By Howard J. Cormier, LSU AgCenter Southwest Regional Equine Agent
We recently reviewed tips on building a 50-foot round pen for horse training. The next logical step to consider is how to build a riding arena. The time you spend planning will be important later for the life of the structure.
First, where will you put a large item such as an arena? Regardless of the final size, you will need to allow for the flow of traffic, both automotive, tractors and farm implements, horse trailers, and livestock around the site. Assume that you will need to haul sand to build the footing, so plan for a large dump truck to enter and exit without tearing down a fence. Also, plan to get a tractor with some type of grooming tool in and out on a regular basis — every couple of days at least. If your gate and egress area is too small, expect frustration and maybe damage to the fence. Will roping calves be unloaded and loaded? What about unbroken horses, colts, or breeding mares? Do you need a side pen to funnel them into trailers?
As you consider the size and placement, consider the drainage. Flat ground is not the best, neither is turtle-backed land. Turtle-backed, or crowned, land that is higher in the middle will end up being flat after several years of grooming. In addition, the water will drain to the sides, where most of your riding might take place. Over time, the rain will carry the soil and sand from the crown to the sides, and it will be flat, which will not allow rains to drain off and dry quickly. The ideal spot is slightly higher on one side than the other to allow water to drain. It is true that the higher side will erode, and the lower side will get deeper over time, but that is still the best of both worlds, if you happen to have land that has a slight grade.
How big you build the pen depends on how big your budget is. The bigger the pen, the more cost in fencing and sand. You will need to add sand over time because it actually wears out and blows away. Try to make the pen big enough to be able to lope and run a horse without danger of falling in the corners. I would say 100 feet by 150 feet is a modest size for most applications. Bigger is better, if you can afford it. Again, it will depend on how much room you have.
Let’s talk about materials. You will need fence posts, which could be pipe or treated lumber, spaced about every 8 feet. Do not use landscape timbers. They will rot in a few years and need replacing. Four-by-four-inch treated posts are more expensive but will last much longer. If you can afford pipe, so much the better, but consider how you will attach the rest of the fencing. Can you weld, or can you afford someone to do that task for you. You can use corral panels, or cable, or even hog wire to form a barrier. Wood is pleasing to the eye, and you might need it for the top and mid-section. But unless you plan to use treated lumber, wood has limitations, such as cost, longevity and safety. In addition, if you keep horses in the arena at times, wood invites chewing, which leads to cribbing. That is a bad vice that comes from boredom.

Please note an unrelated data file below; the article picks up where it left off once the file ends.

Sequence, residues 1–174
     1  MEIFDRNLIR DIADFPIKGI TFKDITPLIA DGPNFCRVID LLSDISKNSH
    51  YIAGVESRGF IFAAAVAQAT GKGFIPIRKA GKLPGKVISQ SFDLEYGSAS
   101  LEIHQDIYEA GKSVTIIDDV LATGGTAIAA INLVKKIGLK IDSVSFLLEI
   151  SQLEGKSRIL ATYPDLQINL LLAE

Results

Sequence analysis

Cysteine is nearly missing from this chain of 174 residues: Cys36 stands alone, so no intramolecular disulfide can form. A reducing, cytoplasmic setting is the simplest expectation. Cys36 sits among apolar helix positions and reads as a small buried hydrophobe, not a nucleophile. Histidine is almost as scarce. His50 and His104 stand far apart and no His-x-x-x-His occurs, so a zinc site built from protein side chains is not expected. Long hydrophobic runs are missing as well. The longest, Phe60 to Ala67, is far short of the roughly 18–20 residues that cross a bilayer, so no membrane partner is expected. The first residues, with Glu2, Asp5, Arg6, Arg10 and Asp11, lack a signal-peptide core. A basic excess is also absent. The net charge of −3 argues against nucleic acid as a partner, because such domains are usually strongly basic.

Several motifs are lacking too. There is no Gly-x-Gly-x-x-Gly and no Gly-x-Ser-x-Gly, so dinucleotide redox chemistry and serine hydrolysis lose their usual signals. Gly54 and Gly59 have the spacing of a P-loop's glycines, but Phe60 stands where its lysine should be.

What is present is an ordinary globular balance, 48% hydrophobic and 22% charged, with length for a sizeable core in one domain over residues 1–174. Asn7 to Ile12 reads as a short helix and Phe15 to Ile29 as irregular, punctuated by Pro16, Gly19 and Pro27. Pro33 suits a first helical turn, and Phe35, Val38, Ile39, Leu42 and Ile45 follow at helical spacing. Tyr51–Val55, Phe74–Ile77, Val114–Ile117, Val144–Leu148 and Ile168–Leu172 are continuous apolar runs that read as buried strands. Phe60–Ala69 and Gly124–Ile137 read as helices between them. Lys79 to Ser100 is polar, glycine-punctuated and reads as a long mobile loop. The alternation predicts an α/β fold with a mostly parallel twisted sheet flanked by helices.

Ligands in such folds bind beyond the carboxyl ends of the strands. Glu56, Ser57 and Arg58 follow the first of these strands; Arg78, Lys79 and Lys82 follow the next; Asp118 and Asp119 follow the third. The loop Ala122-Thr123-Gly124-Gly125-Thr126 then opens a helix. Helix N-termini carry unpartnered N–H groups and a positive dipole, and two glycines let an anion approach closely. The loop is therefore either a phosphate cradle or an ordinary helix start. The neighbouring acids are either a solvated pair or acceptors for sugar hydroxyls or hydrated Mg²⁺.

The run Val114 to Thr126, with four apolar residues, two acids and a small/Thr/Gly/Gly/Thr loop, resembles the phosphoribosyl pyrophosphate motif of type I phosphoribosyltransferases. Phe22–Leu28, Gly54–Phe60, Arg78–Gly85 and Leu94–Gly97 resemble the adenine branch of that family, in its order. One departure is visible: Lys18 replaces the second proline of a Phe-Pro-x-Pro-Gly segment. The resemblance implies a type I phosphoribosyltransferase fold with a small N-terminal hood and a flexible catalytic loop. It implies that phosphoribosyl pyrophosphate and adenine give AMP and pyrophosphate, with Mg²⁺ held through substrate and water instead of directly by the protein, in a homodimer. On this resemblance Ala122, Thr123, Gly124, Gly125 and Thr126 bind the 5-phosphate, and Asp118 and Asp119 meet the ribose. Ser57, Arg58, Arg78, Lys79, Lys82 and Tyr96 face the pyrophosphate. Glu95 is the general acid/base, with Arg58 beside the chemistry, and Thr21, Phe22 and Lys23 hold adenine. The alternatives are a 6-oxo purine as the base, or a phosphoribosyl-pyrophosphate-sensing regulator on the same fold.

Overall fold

How many gates will you have? Gates allow you to practice sidepassing, and opening and closing them, which improves the usefulness of your horse.
What about shade? Will you ride mostly in the late afternoons, after work? Trees close by will provide shade, but they might also develop roots that will make a horse stumble. Some trees, like sycamore, drop big leaves that clog up the tines on a harrow. Ideally, tall mature trees that are some distance away will provide late afternoon shade, without the negative effects. Trees also allow you tie a horse close by while you ride another.
Consider a viewing stand of some kind so a coach can sit and teach the kids or other adults. Consider some type of raised platform with a bench or a couple of lawn chairs so you can see over the fence. Five feet high is probably a good average. Less than that might promote jumping out of the pen when the pressure from inside gets too high. Too high is unnecessary and adds to the cost. Having electricity is a big plus because you can then plug in a PA system, camcorder or a box fan. A luxury? Yes, but a very practical one.
What about wind damage to walls? It is a disagreeable chore to try to straighten big sections of fencing after a storm. The more wall you put up, the more it will catch and be damaged by wind, especially hurricane force winds for a couple of days.
Last, but certainly not least, consider the top (lighting) and bottom (footing) needs. Can you afford to put up a few big lights or many smaller ones? You’ll need tall poles to maximize the reach of the lights and a source of electricity.
Sand is necessary to improve the footing. I suggest scraping the grass off before you add any sand. It will take less sand to cover the soil properly, and will improve traction and cushioning. Unless you add a lot of sand, it will still be slippery after a rain. You want to avoid disking or tilling deeply, as the sand will move deeper into the soil profile and seem to disappear if you work it too deeply. Work as often as necessary to keep grass from getting established. Try not to gouge the sand out of one area when working it because that will make a slick spot or a deep spot where the sand is moved, and could lead to tendon injuries.
Finally, plan on how you will work the arena. A four-wheeler, UTV or garden tractor might be adequate to keep the sand loose. The most important thing is to work it often and not let grass and weeds get established.
I hope that I have given you some ideas that will help you make smart decisions.
Finally, the bad news. If you do have an arena, that knocks out your excuse for not being able to ride and improve your horse. Oh well, I’m sure we can come up with some other good ones. Happy riding!